Chris Wren: The Champions are one of the most significant features in the game. Every major army in the game has many to choose from and each one can be customized to meet your needs. Every champion comes with a unique skill tree that in single player will develop over the course of the campaign, allowing you to earn experience and spend that advancing one of your hero’s three skill trees. All heroes share the three skill disciplines of Command, Combat and Dueling. Command is centered on your champion’s ability to lead your army and give benefits to other units within your army. The Combat skill tree is focused on skills which are useful in regular combat; many of these are powerful magic attacks. The Duel skill tree is specific to fighting other Champions on the battlefield. There are many types of champions, some are good at melee, others range and still others magic. Each champion can not only build skills, but they can pick up and equip items. Enemies and Destroyed buildings will often yield loot which your champion can then go pick up and add to their inventory.
FiringSquad: What can you tell us about the graphical features in the game?
Chris Wren: We really wanted the camera to allow players to get right up close to their units, to peruse the front lines of a bloody conflict for the soldier’s perspective. We also wanted the ability to zoom way out to see the whole battlefield. Most of the graphic features in the game were built around these two principles. Our satellite camera almost resembles the minimap, except it is not a map but just a camera that is pulled way out from the battlefield looking down on it. You can still command units from this view and issue formations and other orders. The up close and personal camera is more for show than anything, but the game is very playable from a close perspective. The main camera system starts you at mid distance isometric angle and is probably the most versatile camera in the game, you can zoom in and out as well as rotate the camera any way you want, there are some nice default cameras you can snap back to quickly if you find yourself enjoying the up close view too much and need to get back to business quickly.
FiringSquad: Will there be a mission editor or other mod tools released for Mark of Chaos?
Chris Wren: We will be releasing a powerful map editor around the time of launch. This will not be an officially supported tool, but should allow players to make some amazing maps for multiplayer. It will let some of the more dedicated players put together maps as complex as we have in the game -- raising and lowering terrain, adding objects like trees and buildings as well as starting locations and rules for the maps.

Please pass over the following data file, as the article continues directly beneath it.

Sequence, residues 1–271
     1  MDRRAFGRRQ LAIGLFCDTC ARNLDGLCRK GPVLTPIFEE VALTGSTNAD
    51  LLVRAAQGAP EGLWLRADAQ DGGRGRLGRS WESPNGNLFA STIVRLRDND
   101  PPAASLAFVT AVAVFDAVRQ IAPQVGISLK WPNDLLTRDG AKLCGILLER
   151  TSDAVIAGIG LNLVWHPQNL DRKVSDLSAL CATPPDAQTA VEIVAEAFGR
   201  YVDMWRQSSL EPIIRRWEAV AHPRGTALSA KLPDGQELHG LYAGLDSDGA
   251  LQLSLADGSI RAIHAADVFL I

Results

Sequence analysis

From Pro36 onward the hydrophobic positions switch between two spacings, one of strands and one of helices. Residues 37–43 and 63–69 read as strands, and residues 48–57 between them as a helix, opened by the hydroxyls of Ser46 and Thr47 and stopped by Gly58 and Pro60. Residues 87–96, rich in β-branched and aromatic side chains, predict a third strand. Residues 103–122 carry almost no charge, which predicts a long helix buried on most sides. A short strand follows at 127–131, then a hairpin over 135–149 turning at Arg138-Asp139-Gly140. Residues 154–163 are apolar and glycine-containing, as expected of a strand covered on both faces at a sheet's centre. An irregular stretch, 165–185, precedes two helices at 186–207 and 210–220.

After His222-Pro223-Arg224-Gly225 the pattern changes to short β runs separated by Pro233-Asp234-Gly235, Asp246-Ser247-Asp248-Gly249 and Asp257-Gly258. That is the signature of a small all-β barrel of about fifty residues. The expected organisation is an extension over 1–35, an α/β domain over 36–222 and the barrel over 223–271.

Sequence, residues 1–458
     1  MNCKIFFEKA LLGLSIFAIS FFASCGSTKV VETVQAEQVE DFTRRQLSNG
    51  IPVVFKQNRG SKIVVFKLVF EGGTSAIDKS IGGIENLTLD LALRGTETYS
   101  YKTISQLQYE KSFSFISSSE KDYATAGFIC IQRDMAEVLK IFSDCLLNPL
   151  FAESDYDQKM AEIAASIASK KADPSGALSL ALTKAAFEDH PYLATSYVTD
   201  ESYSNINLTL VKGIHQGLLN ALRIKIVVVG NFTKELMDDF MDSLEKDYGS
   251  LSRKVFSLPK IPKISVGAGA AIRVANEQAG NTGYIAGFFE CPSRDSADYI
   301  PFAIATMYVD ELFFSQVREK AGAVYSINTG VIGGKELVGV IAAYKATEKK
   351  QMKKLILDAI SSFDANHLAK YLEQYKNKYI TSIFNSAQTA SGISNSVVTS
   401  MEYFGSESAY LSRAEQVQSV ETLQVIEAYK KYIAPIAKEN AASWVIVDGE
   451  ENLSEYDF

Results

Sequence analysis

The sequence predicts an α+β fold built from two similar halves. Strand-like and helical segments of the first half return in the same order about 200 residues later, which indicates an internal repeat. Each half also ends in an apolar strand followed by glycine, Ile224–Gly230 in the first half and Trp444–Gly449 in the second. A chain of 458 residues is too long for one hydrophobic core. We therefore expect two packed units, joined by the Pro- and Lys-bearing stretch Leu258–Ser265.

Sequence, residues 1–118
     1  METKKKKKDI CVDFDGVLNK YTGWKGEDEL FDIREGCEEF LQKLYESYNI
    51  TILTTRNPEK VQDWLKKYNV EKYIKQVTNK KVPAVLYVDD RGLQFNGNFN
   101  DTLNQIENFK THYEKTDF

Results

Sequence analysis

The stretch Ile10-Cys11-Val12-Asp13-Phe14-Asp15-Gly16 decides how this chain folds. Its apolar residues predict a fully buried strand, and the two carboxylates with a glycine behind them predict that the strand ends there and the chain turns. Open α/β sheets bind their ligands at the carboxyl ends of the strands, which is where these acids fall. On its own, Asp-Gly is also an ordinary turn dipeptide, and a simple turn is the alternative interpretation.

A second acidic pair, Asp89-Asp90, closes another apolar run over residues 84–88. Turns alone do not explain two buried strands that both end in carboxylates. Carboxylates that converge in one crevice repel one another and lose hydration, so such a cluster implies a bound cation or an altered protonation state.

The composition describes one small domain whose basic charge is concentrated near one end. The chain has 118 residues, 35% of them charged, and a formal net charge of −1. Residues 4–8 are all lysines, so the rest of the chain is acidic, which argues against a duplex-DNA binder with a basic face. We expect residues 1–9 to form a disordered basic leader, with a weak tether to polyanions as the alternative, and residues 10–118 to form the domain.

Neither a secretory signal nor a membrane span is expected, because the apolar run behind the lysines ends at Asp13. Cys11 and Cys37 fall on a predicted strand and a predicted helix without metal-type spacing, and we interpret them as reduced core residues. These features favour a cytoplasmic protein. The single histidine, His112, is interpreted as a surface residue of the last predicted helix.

FiringSquad: Will there be a demo of the game released and if so what will it contain?
Chris Wren: We’re planning a couple demos of the game. The first one you will see is a multiplayer demo. This will contain a number of maps and a limited set of armies to choose from, but should allow players to sample a variety of multiplayer options and games to choose from. This demo will likely have our entire customization toolset available to deck your armies before you take them online.
FiringSquad: What can you tell us about the status of the game's progress and when will it be released?
Chris Wren: We are getting close to final on Warhammer: Mark of Chaos. The push lately has been to get the single player campaigns in order. We had a closed Beta test for multiplayer a while back, and to polish multiplayer before we launch the game, we’ll be hosting an open public beta soon to let more people jump in and help us tune up the last stages of that portion of the game.
FiringSquad: Finally is there anything else you wish to say about Warhammer: Mark of Chaos?
Chris Wren: What we’ve done is not a game you can easily slot into a predefined category, as it borrows from several genres -- everything from RPG, to RTS to Action/Adventure is all present in this game. It is an RTS at its core, but these other elements really allowed us to tell a cool story, make a dynamic multiplayer environment and show off Warhammer like you’ve never seen it before.